Isaiah Berlin: A Life

Front Cover
Penguin Books Canada, 2000 - Philosophers - 356 pages
"Isaiah Berlin was witness to a century. Born in the twilight of the Czarist empire, he lived long enough to see the Soviet state collapse. The son of a Riga timber merchant and the first Jew elected to a fellowship at All Souls, Oxford, he was a presiding judge of intellectual life on both sides of the Atlantic for sixty years: historian of the Russian intelligentsia, biographer of Marx, scholar of the Romantic movement, and defender of the liberal idea of freedom against Soviet tyranny. When he died in 1997, he was hailed as the most important liberal philosopher of his time." "But Berlin's life was not only a life of the mind. Present at the crucial events of our age, he was in Washington during World War II, in Moscow at the dawn of the Cold War, in Israel as the new state came into being." "For this definitive biography - the result of a remarkable ten-year collaboration between biographer and subject - Michael Ignatieff, himself a leading public intellectual, interviewed Berlin extensively and was granted complete access to his papers, one of the largest archives in Anglo-American cultural history. Ignatieff charts the emergence of a unique liberal temperament - serene, comic, secular, and unafraid - and he examines its influence on Berlin's vision of liberalism, which stressed the often tragic nature of political and moral choice."--BOOK JACKET.

What people are saying - Write a review

ISAIAH BERLIN: A Life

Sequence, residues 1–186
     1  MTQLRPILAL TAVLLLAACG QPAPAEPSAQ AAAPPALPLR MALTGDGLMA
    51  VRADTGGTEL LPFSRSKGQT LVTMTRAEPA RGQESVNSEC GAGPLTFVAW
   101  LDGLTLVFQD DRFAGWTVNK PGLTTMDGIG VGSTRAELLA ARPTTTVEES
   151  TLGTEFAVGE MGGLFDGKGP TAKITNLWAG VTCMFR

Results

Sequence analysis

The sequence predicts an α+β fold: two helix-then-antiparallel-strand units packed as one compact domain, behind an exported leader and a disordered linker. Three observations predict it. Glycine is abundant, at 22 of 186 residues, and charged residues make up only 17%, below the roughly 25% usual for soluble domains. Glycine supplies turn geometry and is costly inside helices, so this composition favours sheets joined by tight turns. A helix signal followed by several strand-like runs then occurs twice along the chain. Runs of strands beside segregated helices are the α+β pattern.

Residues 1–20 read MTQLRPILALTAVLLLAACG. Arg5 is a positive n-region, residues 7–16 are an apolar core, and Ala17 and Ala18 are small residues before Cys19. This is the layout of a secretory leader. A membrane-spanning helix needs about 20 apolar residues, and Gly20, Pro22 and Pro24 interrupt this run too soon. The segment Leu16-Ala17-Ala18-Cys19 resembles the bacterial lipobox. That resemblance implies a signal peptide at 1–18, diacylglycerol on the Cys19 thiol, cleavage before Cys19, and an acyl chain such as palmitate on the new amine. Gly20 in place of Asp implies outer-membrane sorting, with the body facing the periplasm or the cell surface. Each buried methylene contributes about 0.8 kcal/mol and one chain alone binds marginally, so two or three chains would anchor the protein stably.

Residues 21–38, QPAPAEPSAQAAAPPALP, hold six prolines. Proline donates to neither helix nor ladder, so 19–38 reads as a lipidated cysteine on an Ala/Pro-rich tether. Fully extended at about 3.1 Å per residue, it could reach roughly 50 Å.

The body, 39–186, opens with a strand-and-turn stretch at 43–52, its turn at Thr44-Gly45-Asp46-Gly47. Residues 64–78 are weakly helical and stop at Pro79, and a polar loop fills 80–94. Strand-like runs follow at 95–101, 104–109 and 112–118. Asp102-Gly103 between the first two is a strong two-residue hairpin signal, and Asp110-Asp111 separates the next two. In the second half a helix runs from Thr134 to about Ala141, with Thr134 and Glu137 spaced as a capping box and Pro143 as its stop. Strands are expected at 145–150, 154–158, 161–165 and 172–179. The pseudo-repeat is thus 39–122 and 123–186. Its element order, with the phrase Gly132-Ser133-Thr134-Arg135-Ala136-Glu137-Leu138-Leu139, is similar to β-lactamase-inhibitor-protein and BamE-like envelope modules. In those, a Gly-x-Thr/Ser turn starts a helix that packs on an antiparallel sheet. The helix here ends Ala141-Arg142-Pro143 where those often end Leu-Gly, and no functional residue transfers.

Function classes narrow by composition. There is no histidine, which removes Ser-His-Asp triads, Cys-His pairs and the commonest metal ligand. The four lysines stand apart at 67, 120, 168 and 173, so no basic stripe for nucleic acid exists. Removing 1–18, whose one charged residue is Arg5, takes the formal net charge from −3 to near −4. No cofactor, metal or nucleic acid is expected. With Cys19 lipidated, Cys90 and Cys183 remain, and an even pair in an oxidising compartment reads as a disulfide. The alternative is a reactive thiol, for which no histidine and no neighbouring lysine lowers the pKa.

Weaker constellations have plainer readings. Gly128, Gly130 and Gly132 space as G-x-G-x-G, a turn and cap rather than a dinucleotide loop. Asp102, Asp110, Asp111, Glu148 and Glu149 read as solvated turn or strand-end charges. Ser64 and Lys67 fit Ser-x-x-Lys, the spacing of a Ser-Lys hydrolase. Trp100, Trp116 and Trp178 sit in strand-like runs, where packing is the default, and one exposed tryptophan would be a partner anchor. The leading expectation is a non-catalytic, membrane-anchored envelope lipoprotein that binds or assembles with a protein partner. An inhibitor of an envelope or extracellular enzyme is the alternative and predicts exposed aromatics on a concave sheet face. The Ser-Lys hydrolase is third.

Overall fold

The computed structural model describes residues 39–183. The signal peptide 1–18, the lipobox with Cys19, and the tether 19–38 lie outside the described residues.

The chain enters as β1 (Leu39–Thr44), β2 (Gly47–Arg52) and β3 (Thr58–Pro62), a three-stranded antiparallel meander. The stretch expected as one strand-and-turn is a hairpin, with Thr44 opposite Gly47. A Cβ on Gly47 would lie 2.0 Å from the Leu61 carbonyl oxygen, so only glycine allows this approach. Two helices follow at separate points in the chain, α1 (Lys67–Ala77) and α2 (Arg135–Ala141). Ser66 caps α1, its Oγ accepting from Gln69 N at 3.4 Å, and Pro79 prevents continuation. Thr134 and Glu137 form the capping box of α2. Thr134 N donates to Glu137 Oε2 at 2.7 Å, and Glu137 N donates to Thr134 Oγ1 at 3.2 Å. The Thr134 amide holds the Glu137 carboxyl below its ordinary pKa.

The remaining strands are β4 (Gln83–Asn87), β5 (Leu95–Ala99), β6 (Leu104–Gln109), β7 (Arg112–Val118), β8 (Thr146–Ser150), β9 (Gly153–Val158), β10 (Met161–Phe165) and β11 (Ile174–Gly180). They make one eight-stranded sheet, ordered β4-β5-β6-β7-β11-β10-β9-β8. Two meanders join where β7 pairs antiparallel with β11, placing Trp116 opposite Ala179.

User Review  - Kirkus

A polished life of the century's preeminent liberal (in the classic sense) philosopher. Just as Berlin's critics complained he never wrote a single-volume magnum opus but only essays, Berlin's friends ... Read full review

Isaiah Berlin: a life

User Review  - Not Available - Book Verdict

Ignatieff (The Warrior's Honor, LJ 1/98) met and conferred with Berlin periodically over a ten-year period until Berlin's death at the age of 88 in 1997. He also spent hours talking to Berlin's wife ... Read full review

Other editions - View all

About the author (2000)

Michael Ignatieff, born in Toronto in 1947. But at the age of 11, Ignatieff was sent to Toronto to attend Upper Canada College as a boarder in 1959. At UCC, Ignatieff was elected a school prefect as Head of Wedd's House, was the captain of the varsity soccer team, and served as editor-in-chief of the school's yearbook. As well, Ignatieff volunteered for the Liberal Party during the 1965 federal election by canvassing the York South riding. He resumed his work for the Liberal Party in 1968, as a national youth organizer and party delegate for the Pierre Elliott Trudeau party leadership campaign. He then went on to continue his education at the University of Toronto and Harvard and Cambridge universities. In 1976, Ignatieff completed his Ph.D in History at Harvard University. He was granted a Cambridge M.A. by incorporation in 1978 on taking up a fellowship at King's College there. Michael Ignatieff has written television programs for the BBC, novels, and works of nonfiction. He has also authored essays and reviews for several publications including The New York Times. From 1990-93, he wrote a weekly column on international affairs for The Observer. His family memoir, The Russian Album, received Canada's Governor General Award in 1988. His second novel, Scar Tissue, was short-listed for the Booker Prize in 1993. Other nonfiction works include A Just Measure of Pain, the Penitentiary in the Industrial Revolution and the Warrior's Honor: Ethic War and the Modern Conscience.

Bibliographic information